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Hugh Hewitt Book Club

In A Crisis And Throughout A Long War…

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what you want in a president is calm and capacity, energy and experience.

The assassination of Benazir Bhutto is reminding millions that the first job of the next president will be to conduct the global war against Islamist radicalism, both Sunni and Shia variants.  Each camp will be making their case on both the Democratic and Republican sides, but it is clear that being a United States senator has nothing to do with running anything except a staff and your mouth.  Senator Obama has to be reeling as voters realize that impressing Oprah has very little to do with being Commander-in-Chief in wartime, and Governor Huckabee’s “aw shucks” shtick is suddenly and transparently exposed as inadequate to the task ahead. 

A less obvious but no less real impact will be felt by Senators McCain and Thompson.  The U.S. Senate gives its members a wholly undeserved sense of importance and privilege, and absolutely no experience in running a vast bureaucracy or an even more complicated world.  Both men will also suffer from the fact that neither gives off the sense of the energy necessary to the eight years ahead.  They are past the primes of their careers, lack executive experience, and an apparent capacity to reach far beyond their tight circle of advisors in search of the talent necessary to assist in the conduct of the war.

For Dems, Hillary’s eight years around the center of power –security clearance or not– are suddenly much more valuable than they were yesterday, as would be the presence of Bill.

For the GOP the two man race is back.  Against the backdrop of assassination and tumult in a nuclear state, will voters really care that Rudy had the police driving his future wife around town or that Romney used a lawn company that hired illegal aliens?  Both men have extraordinary capacity for absorbing information and making good decisions, seeking out talent, and running vast enterprizes while doing so with calm, good humor, and intensity.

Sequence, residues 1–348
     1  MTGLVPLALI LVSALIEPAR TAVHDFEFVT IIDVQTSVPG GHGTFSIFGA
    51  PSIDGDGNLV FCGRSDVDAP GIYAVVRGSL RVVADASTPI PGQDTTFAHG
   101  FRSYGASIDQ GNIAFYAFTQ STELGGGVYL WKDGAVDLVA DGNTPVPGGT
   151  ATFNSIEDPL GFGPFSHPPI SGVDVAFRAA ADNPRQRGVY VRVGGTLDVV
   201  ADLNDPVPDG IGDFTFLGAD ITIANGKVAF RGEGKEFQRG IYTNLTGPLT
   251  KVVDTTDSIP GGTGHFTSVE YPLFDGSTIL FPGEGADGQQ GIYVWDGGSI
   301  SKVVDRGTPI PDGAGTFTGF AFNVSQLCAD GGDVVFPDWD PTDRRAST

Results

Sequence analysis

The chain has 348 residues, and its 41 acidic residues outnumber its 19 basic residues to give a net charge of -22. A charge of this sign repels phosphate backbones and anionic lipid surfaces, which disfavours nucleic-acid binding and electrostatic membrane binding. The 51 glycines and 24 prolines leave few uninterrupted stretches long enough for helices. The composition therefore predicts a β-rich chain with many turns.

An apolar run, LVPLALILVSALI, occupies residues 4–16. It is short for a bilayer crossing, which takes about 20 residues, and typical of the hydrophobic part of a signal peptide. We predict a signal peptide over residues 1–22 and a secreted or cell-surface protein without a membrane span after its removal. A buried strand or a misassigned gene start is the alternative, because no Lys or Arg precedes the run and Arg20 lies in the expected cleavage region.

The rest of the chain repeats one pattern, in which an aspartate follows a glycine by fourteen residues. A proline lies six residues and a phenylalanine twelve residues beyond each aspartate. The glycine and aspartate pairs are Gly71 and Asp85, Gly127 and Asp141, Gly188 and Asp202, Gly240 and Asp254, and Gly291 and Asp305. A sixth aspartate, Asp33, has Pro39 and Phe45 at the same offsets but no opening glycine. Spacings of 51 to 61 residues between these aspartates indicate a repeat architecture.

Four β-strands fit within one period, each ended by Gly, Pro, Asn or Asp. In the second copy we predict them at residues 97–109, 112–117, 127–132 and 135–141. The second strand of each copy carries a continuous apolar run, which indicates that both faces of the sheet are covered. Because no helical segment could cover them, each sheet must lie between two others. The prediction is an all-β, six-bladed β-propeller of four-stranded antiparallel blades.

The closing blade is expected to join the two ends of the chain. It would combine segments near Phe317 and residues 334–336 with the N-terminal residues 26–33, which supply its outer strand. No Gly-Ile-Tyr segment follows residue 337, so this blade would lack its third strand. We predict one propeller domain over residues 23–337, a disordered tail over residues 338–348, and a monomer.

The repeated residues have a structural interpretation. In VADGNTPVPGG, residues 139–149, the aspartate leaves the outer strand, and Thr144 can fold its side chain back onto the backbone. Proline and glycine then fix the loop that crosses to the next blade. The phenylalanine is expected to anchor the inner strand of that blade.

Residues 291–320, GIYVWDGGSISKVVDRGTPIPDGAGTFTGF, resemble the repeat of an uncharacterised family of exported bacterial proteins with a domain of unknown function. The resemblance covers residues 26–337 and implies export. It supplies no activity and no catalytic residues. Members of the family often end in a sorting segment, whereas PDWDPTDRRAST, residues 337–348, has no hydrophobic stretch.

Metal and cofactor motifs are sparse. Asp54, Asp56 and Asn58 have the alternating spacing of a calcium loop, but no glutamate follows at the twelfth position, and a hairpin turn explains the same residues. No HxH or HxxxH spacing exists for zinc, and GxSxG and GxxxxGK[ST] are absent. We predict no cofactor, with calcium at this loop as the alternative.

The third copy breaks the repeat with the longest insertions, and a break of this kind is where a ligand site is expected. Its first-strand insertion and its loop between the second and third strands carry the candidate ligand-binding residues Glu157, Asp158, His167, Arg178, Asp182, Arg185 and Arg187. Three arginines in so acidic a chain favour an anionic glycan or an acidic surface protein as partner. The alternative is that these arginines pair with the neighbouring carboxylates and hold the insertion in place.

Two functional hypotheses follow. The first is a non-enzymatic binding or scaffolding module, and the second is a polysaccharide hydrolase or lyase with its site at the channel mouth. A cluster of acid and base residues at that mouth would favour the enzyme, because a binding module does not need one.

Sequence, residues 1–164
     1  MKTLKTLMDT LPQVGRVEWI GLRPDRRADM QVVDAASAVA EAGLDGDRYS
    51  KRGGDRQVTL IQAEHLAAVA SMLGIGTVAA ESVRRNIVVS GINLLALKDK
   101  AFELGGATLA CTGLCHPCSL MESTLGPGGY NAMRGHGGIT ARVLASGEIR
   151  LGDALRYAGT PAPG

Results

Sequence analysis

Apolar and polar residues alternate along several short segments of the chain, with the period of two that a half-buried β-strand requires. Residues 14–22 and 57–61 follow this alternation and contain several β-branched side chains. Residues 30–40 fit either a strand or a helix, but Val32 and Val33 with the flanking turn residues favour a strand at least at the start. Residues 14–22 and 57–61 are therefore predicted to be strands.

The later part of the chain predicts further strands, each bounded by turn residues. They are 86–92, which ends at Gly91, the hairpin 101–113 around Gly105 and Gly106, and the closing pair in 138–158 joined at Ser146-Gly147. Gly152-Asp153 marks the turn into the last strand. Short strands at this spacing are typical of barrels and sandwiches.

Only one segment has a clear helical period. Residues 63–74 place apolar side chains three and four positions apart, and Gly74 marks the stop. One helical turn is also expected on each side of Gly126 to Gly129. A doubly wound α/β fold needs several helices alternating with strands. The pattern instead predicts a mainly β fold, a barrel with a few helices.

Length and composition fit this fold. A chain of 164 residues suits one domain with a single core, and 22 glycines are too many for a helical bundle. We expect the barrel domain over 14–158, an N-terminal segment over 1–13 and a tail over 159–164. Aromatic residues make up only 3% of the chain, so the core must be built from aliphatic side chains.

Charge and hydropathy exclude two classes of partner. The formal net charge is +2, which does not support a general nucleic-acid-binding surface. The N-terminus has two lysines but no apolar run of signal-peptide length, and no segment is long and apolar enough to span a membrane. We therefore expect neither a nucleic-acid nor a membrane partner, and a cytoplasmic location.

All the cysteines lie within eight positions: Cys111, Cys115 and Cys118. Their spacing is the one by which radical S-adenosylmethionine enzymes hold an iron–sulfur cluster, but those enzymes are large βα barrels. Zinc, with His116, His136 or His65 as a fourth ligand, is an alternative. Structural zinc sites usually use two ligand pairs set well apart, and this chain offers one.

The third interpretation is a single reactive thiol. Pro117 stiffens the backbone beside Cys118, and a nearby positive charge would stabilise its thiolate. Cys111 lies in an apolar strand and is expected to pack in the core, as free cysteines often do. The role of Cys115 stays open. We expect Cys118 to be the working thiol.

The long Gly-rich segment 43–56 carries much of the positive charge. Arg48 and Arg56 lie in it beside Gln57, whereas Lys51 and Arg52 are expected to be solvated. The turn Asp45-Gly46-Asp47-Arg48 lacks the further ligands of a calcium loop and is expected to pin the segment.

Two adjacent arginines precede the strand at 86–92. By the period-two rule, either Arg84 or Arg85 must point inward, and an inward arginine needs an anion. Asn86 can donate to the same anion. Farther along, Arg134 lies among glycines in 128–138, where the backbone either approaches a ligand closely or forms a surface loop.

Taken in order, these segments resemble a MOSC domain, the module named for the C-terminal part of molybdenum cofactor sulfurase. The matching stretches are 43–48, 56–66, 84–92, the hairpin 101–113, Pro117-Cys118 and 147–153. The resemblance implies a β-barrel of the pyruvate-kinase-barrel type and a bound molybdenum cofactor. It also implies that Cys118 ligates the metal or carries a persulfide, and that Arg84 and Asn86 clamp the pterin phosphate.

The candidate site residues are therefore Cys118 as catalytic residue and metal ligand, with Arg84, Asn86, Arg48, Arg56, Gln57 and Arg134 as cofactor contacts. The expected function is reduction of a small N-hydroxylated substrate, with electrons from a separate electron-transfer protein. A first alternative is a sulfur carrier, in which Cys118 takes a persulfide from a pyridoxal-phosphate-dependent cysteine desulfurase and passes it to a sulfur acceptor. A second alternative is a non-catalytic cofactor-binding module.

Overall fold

“Energy in the executive” is what Hamilton counseled was necessary for the young Republic to survive.  From Federalist #70:

Energy in the executive is a leading character in the definition of good government. It is essential to the protection of the community against foreign attacks; it is not less essential to the steady administration of the laws; to the protection of property against those irregular and high-handed combinations which sometimes interrupt the ordinary course of justice; to the security of liberty against the enterprizes and assaults of ambition, of faction, and of anarchy. Every man the least conversant in Roman history knows how often that republic was obliged to take refuge in the absolute power of a single man, under the formidable title of dictator, as well against the intrigues of ambitious individuals who aspired to the tyranny, and the seditions of whole classes of the community whose conduct threatened the existence of all government, as against the invasions of external enemies who menaced the conquest and destruction of Rome.

There can be no need, however, to multiply arguments or examples on this head. A feeble executive implies a feeble execution of the government. A feeble execution is but another phrase for a bad execution; and a government ill executed, whatever it may be in theory, must be, in practice, a bad government.


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